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More on Value-Adds Not Saving VoIP Providers

I have to say, the comments and linkbacks I got on my Value-Adds Won’t Save VoIP Providers post all had some good stuff in it. But before I comment on the comments, let me finish the thought I had last night.

What I am looking for, at least as I proposed it, can really only be offered by one of a few parties:

  1. at&t as they own both wireline and wireless networks
  2. Verizon as they own wireline and partially own a wireless network (the other owner being Vodafone)
  3. Comcast and other cable companies that offer telephone service and are willing to partner with a wireless outfit, which could work in areas where at&t and Verizon are not the dominant carrier.

Actually, one ILEC does this now: Qwest. Qwest has something called their One Number Service where the same number rings both places. Of course, they are an MVNO using Sprint and thus use CDMA phones, thus I am not interested in the service. It’s also not quite as integrated since Qwest doesn’t run the wireless network–Sprint does.

Anyway, to answer the comments on the last post about this, let’s start with a comment from Jason K:

Doesn’t GrandCentral allow you to use your GrandCentral number as your outgoing caller ID when you use their click to call(dialing from the website) feature from the web?

It does, but it’s one of those Ajax-y web sites and won’t work on most mobile phones. Besides, that’s not what I am asking for.

Next up, Aswath Rao:

If I understand correctly, the second item you want from GrandCentral is the ability to display GC phone number even though you are calling from your home phone line, say. This is possible only if the service provider to your home phone line agrees to do this. It is not in the hands of GC. So I am not sure how TalkPlus does that, with or without software.

Exactly. TalkPlus does what it does by making the call for you using a different number than usual. You select or dial the party in the TalkPlus application, it communicates (over GPRS) to their backend server to a different number–one that they control–that does the CallerID masking.

Next up is Stefan over at Ring Nokia:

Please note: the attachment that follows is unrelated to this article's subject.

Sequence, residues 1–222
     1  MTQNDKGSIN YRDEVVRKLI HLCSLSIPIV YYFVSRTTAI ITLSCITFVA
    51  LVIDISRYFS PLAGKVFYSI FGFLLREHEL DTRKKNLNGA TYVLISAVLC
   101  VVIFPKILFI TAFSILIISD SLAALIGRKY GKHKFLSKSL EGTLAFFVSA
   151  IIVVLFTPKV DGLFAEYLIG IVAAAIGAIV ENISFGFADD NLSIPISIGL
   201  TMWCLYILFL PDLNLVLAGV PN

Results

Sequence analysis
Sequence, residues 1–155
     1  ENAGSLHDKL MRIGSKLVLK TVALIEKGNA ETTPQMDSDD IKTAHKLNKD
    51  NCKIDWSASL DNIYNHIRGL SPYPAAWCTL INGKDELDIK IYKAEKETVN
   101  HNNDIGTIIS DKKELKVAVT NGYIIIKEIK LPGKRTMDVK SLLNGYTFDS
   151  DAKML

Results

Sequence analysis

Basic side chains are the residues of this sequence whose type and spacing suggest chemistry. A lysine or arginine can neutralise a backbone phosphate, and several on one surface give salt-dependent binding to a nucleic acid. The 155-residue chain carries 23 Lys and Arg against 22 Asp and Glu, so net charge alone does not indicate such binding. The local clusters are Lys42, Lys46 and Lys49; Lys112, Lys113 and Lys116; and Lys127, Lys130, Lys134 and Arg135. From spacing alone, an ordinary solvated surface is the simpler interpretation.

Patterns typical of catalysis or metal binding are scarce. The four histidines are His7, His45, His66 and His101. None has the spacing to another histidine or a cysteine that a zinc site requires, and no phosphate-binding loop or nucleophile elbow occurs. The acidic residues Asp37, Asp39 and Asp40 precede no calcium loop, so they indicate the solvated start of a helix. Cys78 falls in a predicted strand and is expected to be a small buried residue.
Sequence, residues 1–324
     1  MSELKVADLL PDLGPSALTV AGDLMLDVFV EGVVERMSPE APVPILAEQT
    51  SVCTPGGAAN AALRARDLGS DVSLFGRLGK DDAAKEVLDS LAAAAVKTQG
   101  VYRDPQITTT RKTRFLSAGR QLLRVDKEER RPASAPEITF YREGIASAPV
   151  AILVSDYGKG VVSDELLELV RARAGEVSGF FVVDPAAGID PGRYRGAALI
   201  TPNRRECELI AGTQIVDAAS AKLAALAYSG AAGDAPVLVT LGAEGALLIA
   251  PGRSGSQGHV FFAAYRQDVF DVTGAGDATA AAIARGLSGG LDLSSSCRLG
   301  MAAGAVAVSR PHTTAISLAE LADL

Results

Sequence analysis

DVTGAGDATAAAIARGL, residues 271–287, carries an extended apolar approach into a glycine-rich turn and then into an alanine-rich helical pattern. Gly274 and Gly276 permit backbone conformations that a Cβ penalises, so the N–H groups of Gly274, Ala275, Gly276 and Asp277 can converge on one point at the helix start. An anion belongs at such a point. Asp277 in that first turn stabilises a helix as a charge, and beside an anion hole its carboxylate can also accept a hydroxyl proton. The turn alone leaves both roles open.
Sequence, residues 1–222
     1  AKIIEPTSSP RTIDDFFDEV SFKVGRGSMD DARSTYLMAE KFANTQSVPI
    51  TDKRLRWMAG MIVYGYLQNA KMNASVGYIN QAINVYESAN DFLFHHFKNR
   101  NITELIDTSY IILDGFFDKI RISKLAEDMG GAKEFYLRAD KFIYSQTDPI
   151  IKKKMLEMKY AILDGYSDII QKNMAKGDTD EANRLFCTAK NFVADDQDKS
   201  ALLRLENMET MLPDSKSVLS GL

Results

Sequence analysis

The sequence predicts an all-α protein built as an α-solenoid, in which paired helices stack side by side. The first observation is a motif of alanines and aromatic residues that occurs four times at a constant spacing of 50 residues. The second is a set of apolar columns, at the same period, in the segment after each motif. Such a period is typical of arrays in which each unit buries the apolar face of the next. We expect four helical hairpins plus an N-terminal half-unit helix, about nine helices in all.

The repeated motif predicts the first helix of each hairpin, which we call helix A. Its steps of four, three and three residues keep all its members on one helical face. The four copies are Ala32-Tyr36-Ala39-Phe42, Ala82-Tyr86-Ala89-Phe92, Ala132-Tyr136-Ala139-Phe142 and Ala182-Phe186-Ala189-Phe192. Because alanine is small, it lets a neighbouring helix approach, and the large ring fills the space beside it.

I’m waiting for the VoIP provider who can offer people unlimited mms and sms. Carriers charge way too much for these services.

Aren’t we all. :) Next  up is Ritesh:

I hear your pain. However, if you ask different users, you would get a different picture. One number, one identity creates spam issues that are difficult to stop. So there is a need for a disposable identity for temporary transactions, e.g. selling online, social networking, dating etc. I see some emerging companies in this space.

True, but if you have adequate filtering like GrandCentral, that’s not an issue.  Also I see the need for disposable identities. That can also be sold as a value-added feature.

And finally, Michael Cerda at Jangl comments:

Dameon-You are an enlightened consumer since you have the benefit of understanding lots of under the hood interworkings. Your ask is ambitious, so therefore all those driving toward that end must take baby steps to get there.

If hundreds of millions shared your view today, I would have built this. Instead, I elected to take baby steps toward this precise vision. The baby steps would need to take a different approach than had been done, and the baby steps would need to affect lifestyle.

I recognize what I am asking for is completely unreasonable. Besides, if lots of people wanted it, people in Qwest’s territory would be beating down their door for their One Number Service. But then again, their wireless service is an MVNO with Sprint.  :) Michael continues:

What I did do, was build Jangl. Jangl gives you an ID and people get #s to call you on thru that ID. You can then control who can/can’t call you. It uses the same voice mail you have existing on your phone today, but masks your greeting to provide privacy. I’ve found that this baby step is excellent for online dating. My next baby steps are going to be compelling well beyond daters though.

My issue with Jangl as it stands now is the fact I have to give someone something that isn’t a phone number. There is a certain segment of the dating population that is turned off by the whole idea of receiving a virtual number. It generates trust issues right off the bat. Making that number act and operate in all ways possible as a mobile phone number is key to ensuring that people don’t discover it’s a virtual number. More from Michael:

-Jangl will very soon support SMS thru Jangl #s. It’s working in a few areas already.
-A single number will become an alias for a Jangl ID, for easier passing around.
-We’ll let you send SMS as if it was from your Jangl #, from the web, e-mail, IM, etc – oh an from your phone
-There’s a whole lot more I shouldn’t get into here.

Sorry for the lengthy comment. I just wanted to tell you I’m working on what you’re asking for!

Ah, now we’re getting somewhere.  If you want to get into this stuff, off the record, of course, feel free to Jangl me on phoneboy. I’d also be happy to beta test any of this stuff you’re working on.


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